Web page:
University admission service UCAS has reported a 17 per cent drop in students wanting to study architecture compared to this time last year
It came as the total number of university applications dropped 9 per cent ahead of planned fee hikes to £9,000 a year in September.
Alex Scott-Whitby of Studio AR said the fall was ‘bad for students and bad for the profession’.
‘It will make it very difficult for a school to argue for more space for teaching.’
ORMS’ John McRae said there was concern architecture could become ‘elitist’.
Nigel Coates, RCA architecture professor emeritus suggested the ‘nosedive’ was a ‘response to universities treating education as a business, and a risk-free one at that.’
RIBA director of education David Gloster however played down concerns.
He said: ‘Architecture lies within a broad group of subjects that are down in applications compared with this time last year, so it isn’t in any way notable for its lower figure at this stage.’
Just 2,536 people had expressed an interest in ‘Architecture, Build & Plan’ courses in time for the 15 October deadline for applications to Cambridge.
The deadline for architecture at all other UK institutions is 15 January, when the complete picture will be known.
Richard Rose-Casemore, director Design Engine
The figures are for the UCAS category of ‘Architecture, Building and Planning’, so the apparent decrease in interest isn’t necessarily attributable to architecture alone. However, it is perhaps no coincidence that the introduction of new tuition fee and living cost loans to one of the longest courses should show these results.
There has been much discussion over the length and nature of architectural training, and some Schools have been more experimental than others with their course programmes. These new UCAS statistics would appear to force the issue of the debate on an appropriate balance of time spent in School and in Practice to complete an architectural training.
Another aspect of these results may lie in the perception of the health of the wider construction industry. The loan repayment of 9 per cent of income over a £21,000 salary may appear manageable once that salary level is reached, but the current state of the industry is such that there is little job certainty in the first place.
Glenn Howells, director Glenn Howells Architects
What we seem to be experiencing is the combined effects of the hike in tuition fees coupled with increased uncertainty in the economy. The weakness of the economy makes it more difficult for families to commit to supporting students entering higher education.
At the same time the current difficulty for graduates to get a job after university is hardly an incentive to start an architecture course where the total cost could easily exceed £100,000.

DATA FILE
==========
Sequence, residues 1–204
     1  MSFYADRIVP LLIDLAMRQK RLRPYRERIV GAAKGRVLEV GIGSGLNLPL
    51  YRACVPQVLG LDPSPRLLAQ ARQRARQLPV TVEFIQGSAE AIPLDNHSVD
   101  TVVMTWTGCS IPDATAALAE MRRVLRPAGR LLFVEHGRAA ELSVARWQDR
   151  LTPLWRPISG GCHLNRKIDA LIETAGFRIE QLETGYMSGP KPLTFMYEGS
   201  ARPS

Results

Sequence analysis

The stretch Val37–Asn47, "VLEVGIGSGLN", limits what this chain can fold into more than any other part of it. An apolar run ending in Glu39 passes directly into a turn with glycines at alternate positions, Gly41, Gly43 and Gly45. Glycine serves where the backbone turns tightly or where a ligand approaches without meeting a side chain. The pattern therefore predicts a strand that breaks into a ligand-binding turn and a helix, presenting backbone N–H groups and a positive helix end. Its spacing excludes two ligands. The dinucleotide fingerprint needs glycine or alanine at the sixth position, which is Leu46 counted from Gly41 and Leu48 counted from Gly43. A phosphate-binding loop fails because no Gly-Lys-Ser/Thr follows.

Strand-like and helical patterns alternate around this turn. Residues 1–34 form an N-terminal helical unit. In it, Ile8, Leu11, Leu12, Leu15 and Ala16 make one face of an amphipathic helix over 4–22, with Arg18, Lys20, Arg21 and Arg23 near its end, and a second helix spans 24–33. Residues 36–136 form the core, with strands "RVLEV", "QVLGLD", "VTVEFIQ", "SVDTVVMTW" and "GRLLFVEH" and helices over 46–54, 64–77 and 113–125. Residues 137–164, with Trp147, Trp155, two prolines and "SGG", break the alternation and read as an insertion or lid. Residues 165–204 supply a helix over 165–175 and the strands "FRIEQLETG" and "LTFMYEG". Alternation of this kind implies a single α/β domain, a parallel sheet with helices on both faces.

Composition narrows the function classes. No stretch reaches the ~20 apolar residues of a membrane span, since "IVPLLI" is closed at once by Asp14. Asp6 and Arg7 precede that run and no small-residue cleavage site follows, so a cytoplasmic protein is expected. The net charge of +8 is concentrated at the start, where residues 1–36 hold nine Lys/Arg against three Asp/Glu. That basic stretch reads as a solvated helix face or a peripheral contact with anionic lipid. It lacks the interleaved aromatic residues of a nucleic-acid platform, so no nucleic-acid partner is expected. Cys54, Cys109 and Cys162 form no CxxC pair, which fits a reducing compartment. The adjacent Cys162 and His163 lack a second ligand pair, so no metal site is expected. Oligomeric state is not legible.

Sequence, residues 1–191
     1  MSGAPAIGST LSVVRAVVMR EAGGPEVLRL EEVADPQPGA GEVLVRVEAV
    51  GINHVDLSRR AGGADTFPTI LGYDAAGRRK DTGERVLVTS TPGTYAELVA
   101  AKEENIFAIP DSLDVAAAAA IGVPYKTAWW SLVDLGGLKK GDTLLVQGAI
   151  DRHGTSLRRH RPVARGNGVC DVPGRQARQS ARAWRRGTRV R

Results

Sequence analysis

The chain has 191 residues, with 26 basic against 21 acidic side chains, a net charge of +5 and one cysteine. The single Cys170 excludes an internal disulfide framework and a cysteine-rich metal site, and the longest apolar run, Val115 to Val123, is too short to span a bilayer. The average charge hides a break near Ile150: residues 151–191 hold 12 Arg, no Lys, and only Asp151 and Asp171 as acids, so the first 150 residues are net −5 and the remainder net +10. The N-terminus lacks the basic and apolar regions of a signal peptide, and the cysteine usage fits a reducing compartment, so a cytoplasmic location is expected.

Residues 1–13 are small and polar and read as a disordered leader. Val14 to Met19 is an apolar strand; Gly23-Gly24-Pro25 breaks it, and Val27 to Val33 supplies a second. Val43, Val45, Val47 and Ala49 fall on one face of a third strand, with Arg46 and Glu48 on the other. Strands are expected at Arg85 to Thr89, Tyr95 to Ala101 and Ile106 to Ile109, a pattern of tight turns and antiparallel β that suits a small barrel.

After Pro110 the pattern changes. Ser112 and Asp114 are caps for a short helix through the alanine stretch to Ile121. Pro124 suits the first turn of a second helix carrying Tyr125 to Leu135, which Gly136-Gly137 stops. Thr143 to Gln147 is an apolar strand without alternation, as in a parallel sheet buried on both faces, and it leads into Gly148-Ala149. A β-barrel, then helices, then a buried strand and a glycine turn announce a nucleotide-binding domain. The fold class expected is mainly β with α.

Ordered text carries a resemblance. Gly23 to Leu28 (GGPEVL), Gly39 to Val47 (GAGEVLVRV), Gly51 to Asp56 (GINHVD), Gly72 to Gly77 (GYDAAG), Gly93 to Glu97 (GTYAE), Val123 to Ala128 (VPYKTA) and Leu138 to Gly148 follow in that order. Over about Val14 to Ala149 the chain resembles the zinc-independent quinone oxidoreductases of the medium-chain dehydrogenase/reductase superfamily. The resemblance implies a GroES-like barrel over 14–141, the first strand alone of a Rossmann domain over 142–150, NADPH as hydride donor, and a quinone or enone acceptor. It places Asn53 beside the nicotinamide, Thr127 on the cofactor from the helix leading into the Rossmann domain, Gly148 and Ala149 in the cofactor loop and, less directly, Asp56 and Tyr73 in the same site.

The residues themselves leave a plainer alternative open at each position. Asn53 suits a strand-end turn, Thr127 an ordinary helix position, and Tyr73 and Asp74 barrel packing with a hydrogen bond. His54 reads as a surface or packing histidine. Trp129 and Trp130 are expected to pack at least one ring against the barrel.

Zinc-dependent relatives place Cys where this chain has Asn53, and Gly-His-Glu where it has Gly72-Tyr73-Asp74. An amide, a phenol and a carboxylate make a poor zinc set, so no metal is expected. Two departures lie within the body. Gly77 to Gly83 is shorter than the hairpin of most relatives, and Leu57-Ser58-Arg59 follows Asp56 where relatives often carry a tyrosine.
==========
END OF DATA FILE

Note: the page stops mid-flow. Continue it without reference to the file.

This is underlined by the most pronounced drop off in applicants being in the Midlands and North of England, which are the areas most severely hit by the downturn.
Mark Power, director Mark Power Architect
Architecture is a long course to full qualification, and increasingly perceived as a chronically underpaid profession. Therefore architecture is unattractive to students who already are contemplating a delay to them joining the career and earning ladder and years of paying off their loans.
This is bad news for schools struggling to resource their courses within a system that equates funding directly with student numbers. Architectural Design is best taught through the one to one tutorial method and this is becoming unfeasible in a climate that persistently gives priority to quantity over quality.
Superficially this appears to be good news for a profession which has in recent years seemed overcrowded – too many architects pursuing too few jobs – a condition which erodes potential earnings.
However the profession would not be overcrowded if it were more effective at seizing/ lobbying for a larger share of the construction industry’s design and project management roles - for which high level qualifications are absolutely essential. The profession needs those entering it to be high in knowledge and ability, not in number.
[We should aim to] detach the level of funding for Architecture courses from the numbers of students on them. Funding of courses should instead be geared to the quality of their taught content.
The harder task is to foster in society as a whole the perception that long term value in our built environments is the result of imaginative, synthetic thinking and creative, sustainable design; that architects, whose education/ training at its best uniquely cultivates these abilities, ought to be much better placed within the construction industry than they currently are to lead and deliver this value, which can in the long term benefit us all in perpetuity through the continuing quality of our buildings and urban fabric that we are inclined to take for granted.